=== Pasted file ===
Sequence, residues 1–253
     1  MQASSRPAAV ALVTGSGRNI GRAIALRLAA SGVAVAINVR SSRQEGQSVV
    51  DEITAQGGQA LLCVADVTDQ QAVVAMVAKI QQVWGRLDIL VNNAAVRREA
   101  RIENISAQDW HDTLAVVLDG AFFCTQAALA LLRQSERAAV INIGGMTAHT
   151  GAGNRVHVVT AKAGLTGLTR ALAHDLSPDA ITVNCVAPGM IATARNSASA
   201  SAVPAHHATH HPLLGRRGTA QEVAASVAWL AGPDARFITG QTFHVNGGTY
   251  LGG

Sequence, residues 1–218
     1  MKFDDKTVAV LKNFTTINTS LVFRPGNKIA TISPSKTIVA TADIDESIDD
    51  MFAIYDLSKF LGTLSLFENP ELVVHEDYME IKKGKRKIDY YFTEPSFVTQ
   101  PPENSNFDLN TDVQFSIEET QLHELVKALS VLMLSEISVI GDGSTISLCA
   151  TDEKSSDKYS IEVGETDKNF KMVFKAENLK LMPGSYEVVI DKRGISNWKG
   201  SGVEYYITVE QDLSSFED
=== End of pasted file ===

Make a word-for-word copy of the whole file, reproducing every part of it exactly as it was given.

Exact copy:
Sequence, residues 1–253
     1  MQASSRPAAV ALVTGSGRNI GRAIALRLAA SGVAVAINVR SSRQEGQSVV
    51  DEITAQGGQA LLCVADVTDQ QAVVAMVAKI QQVWGRLDIL VNNAAVRREA
   101  RIENISAQDW HDTLAVVLDG AFFCTQAALA LLRQSERAAV INIGGMTAHT
   151  GAGNRVHVVT AKAGLTGLTR ALAHDLSPDA ITVNCVAPGM IATARNSASA
   201  SAVPAHHATH HPLLGRRGTA QEVAASVAWL AGPDARFITG QTFHVNGGTY
   251  LGG

Sequence, residues 1–218
     1  MKFDDKTVAV LKNFTTINTS LVFRPGNKIA TISPSKTIVA TADIDESIDD
    51  MFAIYDLSKF LGTLSLFENP ELVVHEDYME IKKGKRKIDY YFTEPSFVTQ
   101  PPENSNFDLN TDVQFSIEET QLHELVKALS VLMLSEISVI GDGSTISLCA
   151  TDEKSSDKYS IEVGETDKNF KMVFKAENLK LMPGSYEVVI DKRGISNWKG
   201  SGVEYYITVE QDLSSFED